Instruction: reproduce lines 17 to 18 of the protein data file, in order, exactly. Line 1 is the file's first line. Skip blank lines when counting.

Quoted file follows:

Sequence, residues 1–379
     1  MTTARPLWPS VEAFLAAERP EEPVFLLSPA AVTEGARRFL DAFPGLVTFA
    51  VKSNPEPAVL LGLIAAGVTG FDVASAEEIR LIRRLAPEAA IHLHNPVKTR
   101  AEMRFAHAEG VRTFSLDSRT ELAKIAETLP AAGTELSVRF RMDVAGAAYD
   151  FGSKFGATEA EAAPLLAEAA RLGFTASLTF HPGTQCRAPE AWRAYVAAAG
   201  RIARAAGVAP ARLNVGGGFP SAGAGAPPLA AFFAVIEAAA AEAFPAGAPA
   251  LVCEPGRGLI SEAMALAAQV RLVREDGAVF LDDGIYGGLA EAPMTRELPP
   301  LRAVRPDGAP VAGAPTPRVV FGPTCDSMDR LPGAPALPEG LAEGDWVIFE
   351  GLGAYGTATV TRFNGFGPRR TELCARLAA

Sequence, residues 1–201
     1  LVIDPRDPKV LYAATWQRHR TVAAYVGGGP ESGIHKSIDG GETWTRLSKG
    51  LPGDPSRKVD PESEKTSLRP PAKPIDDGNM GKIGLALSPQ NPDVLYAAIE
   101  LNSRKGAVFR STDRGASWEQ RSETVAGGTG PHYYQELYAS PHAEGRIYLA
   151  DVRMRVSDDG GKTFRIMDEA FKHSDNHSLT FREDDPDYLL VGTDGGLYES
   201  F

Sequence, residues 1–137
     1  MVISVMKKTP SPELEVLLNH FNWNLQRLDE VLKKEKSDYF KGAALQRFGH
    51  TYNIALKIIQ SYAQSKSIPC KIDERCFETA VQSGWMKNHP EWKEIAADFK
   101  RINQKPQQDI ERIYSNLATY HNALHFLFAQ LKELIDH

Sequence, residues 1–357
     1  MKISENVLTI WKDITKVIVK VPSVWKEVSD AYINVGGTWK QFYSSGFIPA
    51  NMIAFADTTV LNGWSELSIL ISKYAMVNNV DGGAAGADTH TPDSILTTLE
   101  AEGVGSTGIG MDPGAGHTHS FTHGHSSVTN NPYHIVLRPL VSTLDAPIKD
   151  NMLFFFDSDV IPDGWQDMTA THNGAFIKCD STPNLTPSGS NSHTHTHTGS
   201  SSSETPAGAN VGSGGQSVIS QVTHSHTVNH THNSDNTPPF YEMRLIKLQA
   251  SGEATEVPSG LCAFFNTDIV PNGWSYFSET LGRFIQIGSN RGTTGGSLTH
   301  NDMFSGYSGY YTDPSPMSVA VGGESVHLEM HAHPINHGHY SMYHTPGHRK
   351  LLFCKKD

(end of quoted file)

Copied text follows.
     1  MVISVMKKTP SPELEVLLNH FNWNLQRLDE VLKKEKSDYF KGAALQRFGH
    51  TYNIALKIIQ SYAQSKSIPC KIDERCFETA VQSGWMKNHP EWKEIAADFK